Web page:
“Shoulder pain” can mean a lot of different things to a lot of different people. For some it means rest, don’t use it for three days, and maybe it will go away. For others it might be a signal that “I just need to go work it out and it will feel better”. But how do you really know which treatment is right for you? Today on the Fit Stop Blog, Tyler Bluth, PT, MPT is sharing his thoughts on shoulder tendonitis = what if is, why you get it, and some simple steps you can take to help it to feel better. Keep reading for more:
The shoulder is a very complex joint. It’s called a “ball in socket”, but truthfully it functions more similarly to a “ball on a wall”. You have the round ball of the humerus (arm bone) held on to the flat surface of the scapula (shoulder blade) by 4 muscles that essentially create a sling to support the shoulder. When a person moves his/her arm to 30° those muscles engage squishing the ball to the wall. The deltoid muscle then does the bulk of the movement to perform many activities such as pushing, pulling and throwing.
The rotator cuff made up of four different muscles supraspinatus, infraspinatus, teres minor and subscapularis. These muscles are more fibrous and have a tendency to become inflamed. Overuse causes tendinitis in this joint complex. Essentially the rotator cuff gets swollen in a little space and not able to function smoothly. Tendinitis is literally an “inflamed tendon” – when the tendon becomes irritated, inflamed and painful. (Click here to read our “5 Signs You Might Have Rotator Cuff Tendinits“)
How is shoulder tendonitis treated.
Traditional methods for reducing tendinitis in the shoulder are to:
1. Decrease the activity that is causing the pain. If an overhead athlete is doing a lot of throwing it is time to make some adjustments to the throwing motion or to the amount of time the thrower is doing. Same for gardening, weight lifting, gymnastics, painting, or any other repetitive activity with the shoulder.
2.Rest is critical, but not so much that you shoulder becomes stiff in addition to painful. Foing the proper movements that will help restore the motion and decrease inflammation.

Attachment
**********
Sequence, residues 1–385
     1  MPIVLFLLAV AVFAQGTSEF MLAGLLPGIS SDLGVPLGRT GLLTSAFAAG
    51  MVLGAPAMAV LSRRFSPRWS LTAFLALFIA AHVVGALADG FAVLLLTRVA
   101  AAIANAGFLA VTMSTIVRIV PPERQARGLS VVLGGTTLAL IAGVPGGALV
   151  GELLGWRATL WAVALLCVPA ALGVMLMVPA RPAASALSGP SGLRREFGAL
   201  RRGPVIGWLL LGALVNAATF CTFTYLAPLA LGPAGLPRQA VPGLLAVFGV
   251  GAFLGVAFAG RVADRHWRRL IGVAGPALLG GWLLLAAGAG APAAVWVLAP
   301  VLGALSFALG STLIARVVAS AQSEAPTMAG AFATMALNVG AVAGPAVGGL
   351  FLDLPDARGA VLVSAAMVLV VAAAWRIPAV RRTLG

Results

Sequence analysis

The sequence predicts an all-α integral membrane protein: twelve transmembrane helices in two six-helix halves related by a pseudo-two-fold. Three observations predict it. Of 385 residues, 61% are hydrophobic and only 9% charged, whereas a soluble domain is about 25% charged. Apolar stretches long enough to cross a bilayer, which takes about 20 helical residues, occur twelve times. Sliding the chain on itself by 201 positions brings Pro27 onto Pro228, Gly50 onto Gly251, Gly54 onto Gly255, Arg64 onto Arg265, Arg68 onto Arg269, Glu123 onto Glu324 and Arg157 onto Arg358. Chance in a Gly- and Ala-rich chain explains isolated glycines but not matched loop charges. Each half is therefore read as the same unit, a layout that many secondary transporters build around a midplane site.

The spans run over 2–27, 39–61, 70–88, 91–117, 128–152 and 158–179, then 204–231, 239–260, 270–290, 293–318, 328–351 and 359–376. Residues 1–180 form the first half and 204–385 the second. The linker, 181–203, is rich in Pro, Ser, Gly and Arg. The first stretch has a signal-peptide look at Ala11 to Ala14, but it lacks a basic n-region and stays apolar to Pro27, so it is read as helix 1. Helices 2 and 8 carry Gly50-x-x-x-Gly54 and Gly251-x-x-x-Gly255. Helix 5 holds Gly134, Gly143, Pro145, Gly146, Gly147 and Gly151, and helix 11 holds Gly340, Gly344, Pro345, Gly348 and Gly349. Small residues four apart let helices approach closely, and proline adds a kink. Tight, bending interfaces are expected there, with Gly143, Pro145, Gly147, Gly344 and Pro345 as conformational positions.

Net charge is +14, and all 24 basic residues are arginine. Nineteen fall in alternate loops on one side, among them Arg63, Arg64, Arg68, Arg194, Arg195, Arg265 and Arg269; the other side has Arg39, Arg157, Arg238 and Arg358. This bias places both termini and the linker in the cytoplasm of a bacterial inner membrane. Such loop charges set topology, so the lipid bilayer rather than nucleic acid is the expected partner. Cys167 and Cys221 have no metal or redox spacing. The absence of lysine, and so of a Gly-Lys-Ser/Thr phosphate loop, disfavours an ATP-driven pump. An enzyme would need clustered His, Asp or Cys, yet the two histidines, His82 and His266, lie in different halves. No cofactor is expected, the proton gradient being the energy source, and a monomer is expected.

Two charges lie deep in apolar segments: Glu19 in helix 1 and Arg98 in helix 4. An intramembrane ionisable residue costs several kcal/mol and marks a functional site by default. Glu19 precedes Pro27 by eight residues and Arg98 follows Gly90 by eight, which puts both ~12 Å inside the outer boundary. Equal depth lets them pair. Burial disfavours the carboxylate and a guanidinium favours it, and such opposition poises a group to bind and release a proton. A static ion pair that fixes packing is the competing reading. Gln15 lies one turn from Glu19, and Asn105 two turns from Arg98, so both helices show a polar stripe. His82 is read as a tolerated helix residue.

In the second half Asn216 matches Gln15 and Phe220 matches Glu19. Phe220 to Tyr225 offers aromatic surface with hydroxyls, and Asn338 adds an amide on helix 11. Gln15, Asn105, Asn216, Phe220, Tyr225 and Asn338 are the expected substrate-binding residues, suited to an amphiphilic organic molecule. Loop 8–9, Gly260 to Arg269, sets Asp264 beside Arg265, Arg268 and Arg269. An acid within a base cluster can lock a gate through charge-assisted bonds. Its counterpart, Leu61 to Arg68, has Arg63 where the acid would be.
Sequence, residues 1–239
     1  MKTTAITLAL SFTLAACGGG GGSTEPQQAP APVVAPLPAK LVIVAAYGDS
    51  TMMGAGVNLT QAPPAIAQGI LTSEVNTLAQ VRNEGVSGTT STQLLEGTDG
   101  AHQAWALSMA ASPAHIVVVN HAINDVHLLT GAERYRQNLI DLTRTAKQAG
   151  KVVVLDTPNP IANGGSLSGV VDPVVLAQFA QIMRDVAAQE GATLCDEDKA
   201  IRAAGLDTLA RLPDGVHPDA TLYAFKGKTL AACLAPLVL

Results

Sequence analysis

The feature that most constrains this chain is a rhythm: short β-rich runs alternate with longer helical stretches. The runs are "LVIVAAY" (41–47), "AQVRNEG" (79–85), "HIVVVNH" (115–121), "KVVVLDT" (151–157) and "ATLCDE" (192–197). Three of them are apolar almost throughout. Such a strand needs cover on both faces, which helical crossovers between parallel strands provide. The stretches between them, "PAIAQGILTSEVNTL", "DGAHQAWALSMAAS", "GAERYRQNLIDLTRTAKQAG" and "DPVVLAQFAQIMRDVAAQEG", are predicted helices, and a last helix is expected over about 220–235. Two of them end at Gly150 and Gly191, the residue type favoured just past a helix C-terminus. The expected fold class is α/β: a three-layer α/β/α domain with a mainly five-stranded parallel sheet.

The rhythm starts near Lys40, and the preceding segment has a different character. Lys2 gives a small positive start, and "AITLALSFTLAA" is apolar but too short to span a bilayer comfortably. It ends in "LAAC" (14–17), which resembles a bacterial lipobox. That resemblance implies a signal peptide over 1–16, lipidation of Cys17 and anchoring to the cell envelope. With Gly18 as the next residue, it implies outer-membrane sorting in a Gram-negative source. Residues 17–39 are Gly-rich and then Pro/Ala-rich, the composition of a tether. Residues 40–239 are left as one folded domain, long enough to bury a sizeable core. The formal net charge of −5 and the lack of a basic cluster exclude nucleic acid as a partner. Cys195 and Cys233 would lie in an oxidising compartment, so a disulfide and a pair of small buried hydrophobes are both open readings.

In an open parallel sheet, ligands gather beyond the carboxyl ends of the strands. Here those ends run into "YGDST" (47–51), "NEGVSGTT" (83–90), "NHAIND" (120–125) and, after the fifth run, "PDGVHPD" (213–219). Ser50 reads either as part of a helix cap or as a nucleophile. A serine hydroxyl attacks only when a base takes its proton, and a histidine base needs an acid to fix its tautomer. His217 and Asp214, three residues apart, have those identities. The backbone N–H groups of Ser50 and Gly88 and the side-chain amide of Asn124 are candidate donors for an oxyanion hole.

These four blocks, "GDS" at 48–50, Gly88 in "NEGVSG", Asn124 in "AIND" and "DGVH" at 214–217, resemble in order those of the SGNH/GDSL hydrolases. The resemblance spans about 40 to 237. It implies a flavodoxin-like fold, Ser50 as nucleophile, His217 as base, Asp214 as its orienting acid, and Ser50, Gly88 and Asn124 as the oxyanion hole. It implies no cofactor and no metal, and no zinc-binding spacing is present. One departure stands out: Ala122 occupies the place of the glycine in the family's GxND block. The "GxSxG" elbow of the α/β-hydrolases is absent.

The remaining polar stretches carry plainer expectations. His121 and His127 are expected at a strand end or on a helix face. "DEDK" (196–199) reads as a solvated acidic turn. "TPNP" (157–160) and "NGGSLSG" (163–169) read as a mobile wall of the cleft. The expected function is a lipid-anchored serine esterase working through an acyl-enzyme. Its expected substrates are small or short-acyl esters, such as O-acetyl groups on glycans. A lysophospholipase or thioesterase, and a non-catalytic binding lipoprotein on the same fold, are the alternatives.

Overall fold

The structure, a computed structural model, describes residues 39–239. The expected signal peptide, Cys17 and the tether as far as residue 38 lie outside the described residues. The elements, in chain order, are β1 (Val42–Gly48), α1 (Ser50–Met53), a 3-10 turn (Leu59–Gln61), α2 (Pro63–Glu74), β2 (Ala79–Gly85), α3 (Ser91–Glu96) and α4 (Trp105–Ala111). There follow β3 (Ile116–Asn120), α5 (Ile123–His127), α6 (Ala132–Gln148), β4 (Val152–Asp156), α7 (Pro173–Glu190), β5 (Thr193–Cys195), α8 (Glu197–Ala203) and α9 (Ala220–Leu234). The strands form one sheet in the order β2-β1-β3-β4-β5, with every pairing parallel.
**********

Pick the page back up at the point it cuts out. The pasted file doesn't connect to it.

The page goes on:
3. Anti-inflammatory medication such as NSAIDs and (in more extreme cases) steroid injections are used to decrease inflammation of the joint complex.
4. Physical Therapy -Your physical therapist is a specialist in identifying areas that are weak or otherwise limited and can be contributing to your pain. They will then educate you on proper exercises/activities to keep these structures health, functional, and pain-free.
The therapist will progress the patient into active strengthening exercises. The key component of these strengthening activities are to perform them in an appropriate range. Your therapist will be able to recommend how far you go and how much you push when performing your exercises. That way you get the motion/strength you need, but not at the sake of injuring your shoulder.
5. Ice is helpful as it decreases inflammation externally for a period of 15 to 20 minutes. It is good to use ice following a session of activity.
Shoulders are a difficult joint to rehabilitate when tendonitis has set in. The stress that overhead athletes and every day workers put on makes it difficult to give the appropriate rest to decrease the inflammatory response in the joint complex. With rest and proper range of motion and strength exercises, shoulder pain can decrease dramatically.
Need more information? Would you like to talk to one of our therapists about your shoulder pain? Please click on the links below to set up your next appointment!
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Heber City, UT 84032
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